The Calder Quartet has performed at a wide range of venues throughout the United States, from the Walt Disney Concert Hall right here in Los Angeles to Le Poisson Rouge in New York. This Saturday, March 15, LACMA hosts the Calder Quartet in their second appearance at the Bing Theater, where they will be joined on the stage by red fish blue fish in the first installment of the Art and Music series.
The group, whose name is inspired by the work of Alexander Calder, formed at the University of Southern California’s Thornton School of Music, after which they continued studies at the Colburn Conservatory of Music and the Juilliard School. The upcoming performance by Benjamin Jacobson, Andrew Bulbrook, Jonathan Moerschel, and Eric Byers is held, fittingly, occasion of the exhibition Calder and Abstraction: From Avant-Garde to Iconic, currently on view through July 27 in the Resnick Pavilion at LACMA.
Calder Quartet violinist Andrew Bulbrook spoke with LACMA about Calder as an inspiration and their performance at the Bing.
This question is obvious, but how did your group arrive at the name Calder Quartet? Describe elements from the artist’s work that inspire the group.
We played together for five years as friends before choosing a name. In the beginning our quartet was never a plan, it evolved and grew out of our friendship. We picked a name when we needed it for our first engagements and we had encountered Alexander Calder’s work and also had learned a little bit about his work ethic. The mobile is considered by many (including Sartre) as a very musical form of sculpture and had inspired composers to create work. What looks effortless and moves easily is the product of consistent and daily work. Calder went into the studio every day and practiced his art. That really inspired us.
How did you go about selecting pieces to perform at LACMA?
In talking to Mitch Glickman about the program we decided to anchor it around a new work by the percussionist Andy Akiho that was written for us a few years ago and takes it’s name from the idea of the mobile. From there we connected the dots to bringing in a percussion ensemble, UCSD’s red fish blue fish under the direction of Steve Schick, and also to a larger recording and commissioning project that we have been working on for the past few years called Eclectic Currents. It’s a recording of 12 works by leading emerging composers. (We’ve played pieces from this project at Blum and Poe in Culver City, and the project was supported by 110 individual donors through Kickstarter as well as grants from the National Endowment for the Arts and the Copland Fund.) Andy’s quartet is part of that project and we thought celebrating young composers and young percussionists together would be a great connection and a nice celebration of Alexander Calder and Eclectic Currents. A decade ago we learned that Calder had been friends with Sasha Schneider of the Budapest Quartet and had donated work to help with his educational efforts and currently the Calder Foundation runs a prize to help develop the career of a living artist. This connection to living composers and supporting them really made sense.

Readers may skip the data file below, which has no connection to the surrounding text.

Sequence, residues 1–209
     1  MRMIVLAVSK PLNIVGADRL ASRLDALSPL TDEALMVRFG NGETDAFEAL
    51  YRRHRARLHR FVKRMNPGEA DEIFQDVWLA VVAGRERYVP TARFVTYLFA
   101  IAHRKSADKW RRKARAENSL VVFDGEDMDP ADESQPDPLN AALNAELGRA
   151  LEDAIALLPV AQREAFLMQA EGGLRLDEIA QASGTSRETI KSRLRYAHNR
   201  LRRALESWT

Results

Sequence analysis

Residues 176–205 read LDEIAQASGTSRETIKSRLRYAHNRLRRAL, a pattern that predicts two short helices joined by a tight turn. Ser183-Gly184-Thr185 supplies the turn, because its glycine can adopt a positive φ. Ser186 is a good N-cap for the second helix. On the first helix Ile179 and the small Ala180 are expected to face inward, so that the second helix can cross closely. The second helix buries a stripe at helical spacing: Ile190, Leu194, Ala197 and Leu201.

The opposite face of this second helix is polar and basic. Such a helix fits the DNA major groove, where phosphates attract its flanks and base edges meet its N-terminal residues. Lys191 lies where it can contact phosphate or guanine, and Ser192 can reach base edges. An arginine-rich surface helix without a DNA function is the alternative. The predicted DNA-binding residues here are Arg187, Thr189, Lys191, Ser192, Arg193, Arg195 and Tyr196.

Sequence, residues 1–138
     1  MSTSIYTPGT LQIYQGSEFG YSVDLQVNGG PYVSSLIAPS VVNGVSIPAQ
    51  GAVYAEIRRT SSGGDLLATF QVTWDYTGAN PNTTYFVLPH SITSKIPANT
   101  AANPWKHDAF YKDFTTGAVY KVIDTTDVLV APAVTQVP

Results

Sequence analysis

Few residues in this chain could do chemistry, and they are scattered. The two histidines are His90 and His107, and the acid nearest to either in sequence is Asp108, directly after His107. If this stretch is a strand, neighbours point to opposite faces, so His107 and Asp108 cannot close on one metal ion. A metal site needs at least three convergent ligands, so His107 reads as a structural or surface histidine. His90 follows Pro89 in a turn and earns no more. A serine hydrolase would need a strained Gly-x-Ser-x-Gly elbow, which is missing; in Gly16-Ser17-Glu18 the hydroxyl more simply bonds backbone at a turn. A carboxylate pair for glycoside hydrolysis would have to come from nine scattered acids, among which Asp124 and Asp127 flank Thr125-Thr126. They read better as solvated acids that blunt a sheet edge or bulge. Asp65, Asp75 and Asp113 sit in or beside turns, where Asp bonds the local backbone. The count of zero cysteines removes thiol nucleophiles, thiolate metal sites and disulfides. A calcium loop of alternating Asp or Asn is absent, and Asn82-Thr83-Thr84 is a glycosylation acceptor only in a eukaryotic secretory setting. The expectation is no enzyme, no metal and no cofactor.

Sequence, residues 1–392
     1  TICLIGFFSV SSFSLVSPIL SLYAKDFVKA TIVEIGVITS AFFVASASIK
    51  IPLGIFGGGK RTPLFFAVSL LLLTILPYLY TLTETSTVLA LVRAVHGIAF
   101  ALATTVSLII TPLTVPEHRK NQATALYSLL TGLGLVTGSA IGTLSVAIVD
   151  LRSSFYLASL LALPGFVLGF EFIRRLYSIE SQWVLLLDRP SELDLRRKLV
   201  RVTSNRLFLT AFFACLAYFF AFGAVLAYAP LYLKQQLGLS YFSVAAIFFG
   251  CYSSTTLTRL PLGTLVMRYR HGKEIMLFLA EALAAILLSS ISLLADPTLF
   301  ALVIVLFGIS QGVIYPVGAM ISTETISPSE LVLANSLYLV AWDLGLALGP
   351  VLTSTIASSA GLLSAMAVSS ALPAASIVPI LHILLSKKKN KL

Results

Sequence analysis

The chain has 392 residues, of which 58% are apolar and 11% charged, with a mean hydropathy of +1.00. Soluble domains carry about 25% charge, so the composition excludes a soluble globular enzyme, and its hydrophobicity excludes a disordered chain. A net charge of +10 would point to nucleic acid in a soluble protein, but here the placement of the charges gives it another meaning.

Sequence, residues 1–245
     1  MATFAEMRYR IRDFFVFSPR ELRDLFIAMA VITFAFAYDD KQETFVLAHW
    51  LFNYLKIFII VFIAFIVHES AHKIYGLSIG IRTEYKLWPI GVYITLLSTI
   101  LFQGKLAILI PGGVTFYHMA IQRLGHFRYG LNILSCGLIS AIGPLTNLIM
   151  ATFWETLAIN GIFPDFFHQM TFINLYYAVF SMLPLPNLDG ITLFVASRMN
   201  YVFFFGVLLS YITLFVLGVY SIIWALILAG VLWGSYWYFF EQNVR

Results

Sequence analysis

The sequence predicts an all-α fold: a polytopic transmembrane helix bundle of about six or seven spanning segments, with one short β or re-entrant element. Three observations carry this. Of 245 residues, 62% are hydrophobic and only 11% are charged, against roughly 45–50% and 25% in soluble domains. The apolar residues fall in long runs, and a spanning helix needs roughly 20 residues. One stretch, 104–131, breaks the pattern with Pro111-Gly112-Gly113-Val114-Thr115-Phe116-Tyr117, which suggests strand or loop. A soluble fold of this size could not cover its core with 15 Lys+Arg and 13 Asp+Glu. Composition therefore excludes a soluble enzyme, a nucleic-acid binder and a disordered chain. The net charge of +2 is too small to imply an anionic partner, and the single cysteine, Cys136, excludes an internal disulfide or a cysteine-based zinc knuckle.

Were they informed by any interactions with the exhibition?
We all attended the show and loved it. We have the good fortune to appear in Disney Hall regularly and it’s great to see Frank Gehry creating amazing spaces for music and art. The way a room full of mobiles slowly undulates feels like quartet-four voices that move coherently and beautifully together without any apparent leadership.
Have you previously collaborated with red fish blue fish?
We are long time admirers of Steve Schick and while this will be our first performance with him and red fish blue fish we have worked with him for many years at the Carlsbad Music Festival in San Diego where we have been the founding quartet in residence. Carlsbad and UCSD Artpower helped commission many of the works that we will play at LACMA.